Apple defrauded iPhone users by slowing devices without warning to compensate for poor battery performance, according to eight lawsuits filed in various federal courts in the week since the company opened up about the year-old software change.
The tweak may have led iPhone owners to misguided attempts to resolve issues over the last year, the lawsuits contend.
All the lawsuits - filed in US District Courts in California, New York and Illinois - seek class-action to represent potentially millions of iPhone owners nationwide.
Apple did not respond to an email seeking comment on the filings.
The company acknowledged last week for the first time in detail that operating system updates released since "last year" for the iPhone 6, iPhone 6s, iPhone SE and iPhone 7 included a feature "to smooth out" power supply from batteries that are cold, old or low on charge.
Phones without the adjustment would shut down abruptly because of a precaution designed to prevent components from getting fried, Apple said.
The disclosure followed a December 18 analysis by Primate Labs, which develops an iPhone performance measuring app, that identified blips in processing speed and concluded that a software change had to be behind them.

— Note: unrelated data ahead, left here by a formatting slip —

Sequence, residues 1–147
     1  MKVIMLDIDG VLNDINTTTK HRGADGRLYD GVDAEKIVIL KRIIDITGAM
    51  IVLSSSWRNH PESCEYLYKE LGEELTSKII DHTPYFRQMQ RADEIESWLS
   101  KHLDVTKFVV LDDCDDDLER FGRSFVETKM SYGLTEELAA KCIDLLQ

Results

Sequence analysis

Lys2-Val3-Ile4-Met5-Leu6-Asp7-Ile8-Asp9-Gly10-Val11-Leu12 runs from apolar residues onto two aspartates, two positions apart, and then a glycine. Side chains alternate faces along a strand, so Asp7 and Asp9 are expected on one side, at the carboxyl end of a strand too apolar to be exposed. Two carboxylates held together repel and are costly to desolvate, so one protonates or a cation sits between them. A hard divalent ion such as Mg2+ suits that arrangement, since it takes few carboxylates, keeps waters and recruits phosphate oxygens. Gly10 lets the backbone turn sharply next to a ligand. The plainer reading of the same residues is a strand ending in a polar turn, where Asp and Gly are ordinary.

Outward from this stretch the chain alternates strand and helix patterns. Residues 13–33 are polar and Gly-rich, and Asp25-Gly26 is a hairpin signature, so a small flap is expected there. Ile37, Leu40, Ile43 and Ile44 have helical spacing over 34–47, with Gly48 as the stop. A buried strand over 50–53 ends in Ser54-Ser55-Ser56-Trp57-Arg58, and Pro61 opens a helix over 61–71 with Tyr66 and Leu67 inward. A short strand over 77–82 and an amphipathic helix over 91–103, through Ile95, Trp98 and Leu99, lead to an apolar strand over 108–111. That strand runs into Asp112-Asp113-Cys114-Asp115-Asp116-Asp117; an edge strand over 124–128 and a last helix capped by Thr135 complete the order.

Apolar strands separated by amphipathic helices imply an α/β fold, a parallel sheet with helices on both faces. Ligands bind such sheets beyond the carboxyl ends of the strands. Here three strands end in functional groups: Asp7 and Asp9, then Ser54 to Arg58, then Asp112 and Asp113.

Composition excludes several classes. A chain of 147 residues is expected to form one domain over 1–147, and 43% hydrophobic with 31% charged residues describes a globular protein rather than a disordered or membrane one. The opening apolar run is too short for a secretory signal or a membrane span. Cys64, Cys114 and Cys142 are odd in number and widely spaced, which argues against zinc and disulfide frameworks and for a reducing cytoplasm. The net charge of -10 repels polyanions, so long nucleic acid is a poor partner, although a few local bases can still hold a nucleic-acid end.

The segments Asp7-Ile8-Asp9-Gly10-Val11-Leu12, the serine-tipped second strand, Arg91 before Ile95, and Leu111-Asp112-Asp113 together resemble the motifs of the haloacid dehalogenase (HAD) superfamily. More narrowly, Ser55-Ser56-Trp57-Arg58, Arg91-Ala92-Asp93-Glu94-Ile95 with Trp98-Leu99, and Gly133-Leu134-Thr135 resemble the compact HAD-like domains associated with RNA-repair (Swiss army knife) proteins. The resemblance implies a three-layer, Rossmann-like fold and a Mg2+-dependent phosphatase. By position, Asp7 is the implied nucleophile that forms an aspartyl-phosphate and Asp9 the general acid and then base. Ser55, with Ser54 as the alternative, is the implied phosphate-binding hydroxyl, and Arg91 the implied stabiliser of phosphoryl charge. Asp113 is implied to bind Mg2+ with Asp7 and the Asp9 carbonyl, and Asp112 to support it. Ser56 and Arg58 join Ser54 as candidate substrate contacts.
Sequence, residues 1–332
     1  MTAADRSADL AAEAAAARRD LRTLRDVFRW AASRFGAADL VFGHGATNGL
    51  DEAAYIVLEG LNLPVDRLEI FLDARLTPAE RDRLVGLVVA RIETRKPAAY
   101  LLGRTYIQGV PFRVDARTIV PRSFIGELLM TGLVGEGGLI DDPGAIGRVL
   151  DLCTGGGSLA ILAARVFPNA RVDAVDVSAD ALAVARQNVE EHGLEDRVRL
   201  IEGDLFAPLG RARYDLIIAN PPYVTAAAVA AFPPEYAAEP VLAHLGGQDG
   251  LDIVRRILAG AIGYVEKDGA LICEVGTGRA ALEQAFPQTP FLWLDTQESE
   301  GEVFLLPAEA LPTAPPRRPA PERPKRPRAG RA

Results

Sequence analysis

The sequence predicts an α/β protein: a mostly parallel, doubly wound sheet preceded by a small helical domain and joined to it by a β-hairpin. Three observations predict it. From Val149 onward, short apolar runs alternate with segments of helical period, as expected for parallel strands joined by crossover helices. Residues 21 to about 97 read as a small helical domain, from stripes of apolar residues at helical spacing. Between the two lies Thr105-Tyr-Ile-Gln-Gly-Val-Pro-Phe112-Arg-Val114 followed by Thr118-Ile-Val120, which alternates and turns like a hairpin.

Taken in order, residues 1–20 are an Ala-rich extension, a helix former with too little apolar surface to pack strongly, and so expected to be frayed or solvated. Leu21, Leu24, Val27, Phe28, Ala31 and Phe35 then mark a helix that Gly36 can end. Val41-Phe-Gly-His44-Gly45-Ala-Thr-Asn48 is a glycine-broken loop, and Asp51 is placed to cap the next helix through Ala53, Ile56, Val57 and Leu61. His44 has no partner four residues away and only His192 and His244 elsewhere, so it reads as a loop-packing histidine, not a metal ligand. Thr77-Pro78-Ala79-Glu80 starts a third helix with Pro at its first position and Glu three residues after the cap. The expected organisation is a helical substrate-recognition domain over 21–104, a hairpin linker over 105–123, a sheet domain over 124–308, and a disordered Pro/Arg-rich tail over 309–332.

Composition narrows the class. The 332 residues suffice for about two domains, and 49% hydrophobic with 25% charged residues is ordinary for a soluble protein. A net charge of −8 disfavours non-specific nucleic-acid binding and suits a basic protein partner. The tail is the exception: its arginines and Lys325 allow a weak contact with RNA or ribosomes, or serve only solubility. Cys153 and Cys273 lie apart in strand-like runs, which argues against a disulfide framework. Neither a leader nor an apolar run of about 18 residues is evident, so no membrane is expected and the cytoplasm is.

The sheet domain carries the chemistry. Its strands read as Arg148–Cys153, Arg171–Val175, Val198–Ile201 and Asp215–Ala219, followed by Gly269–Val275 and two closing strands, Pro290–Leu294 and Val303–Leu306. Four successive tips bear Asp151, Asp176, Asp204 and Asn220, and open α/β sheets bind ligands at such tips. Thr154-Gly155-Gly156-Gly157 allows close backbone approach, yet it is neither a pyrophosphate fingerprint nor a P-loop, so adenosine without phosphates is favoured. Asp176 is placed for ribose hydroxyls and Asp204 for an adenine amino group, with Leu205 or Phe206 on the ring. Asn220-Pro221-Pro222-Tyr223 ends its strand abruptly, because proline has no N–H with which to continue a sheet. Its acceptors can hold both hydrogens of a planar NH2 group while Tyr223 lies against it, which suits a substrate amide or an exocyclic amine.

The lawsuits seek unspecified damages in addition to, in some cases, reimbursement. A couple of the complaints seek court orders barring Apple from throttling iPhone computer speeds or requiring notification in future instances.
One of the lawsuits, filed Thursday in San Francisco, said that "the batteries' inability to handle the demand created by processor speeds" without the software patch was a defect.
"Rather than curing the battery defect by providing a free battery replacement for all affected iPhones, Apple sought to mask the battery defect," according to the complaint.
The plaintiff in that case is represented by attorney Jeffrey Fazio, who represented plaintiffs in a $53-million settlement with Apple in 2013 over its handling of iPhone warranty claims.
The problem now seen is that users over the last year could have blamed an aging computer processor for app crashes and sluggish performance - and chose to buy a new phone - when the true cause may have been a weak battery that could have been replaced for a fraction of the cost, some of the lawsuits state.
"If it turns out that consumers would have replaced their battery instead of buying new iPhones had they known the true nature of Apple's upgrades, you might start to have a better case for some sort of misrepresentation or fraud," said Rory Van Loo, a Boston University professor specialising in consumer technology law.
However, Chris Hoofnagle, faculty director for the Berkeley Center for Law & Technology, said in an email that Apple may not have done wrong.
"We still haven't come to consumer protection norms" around aging products, Hoofnagle said. Pointing to a device with a security flaw as an example, he said, "the ethical approach could include degrading or even disabling functionality."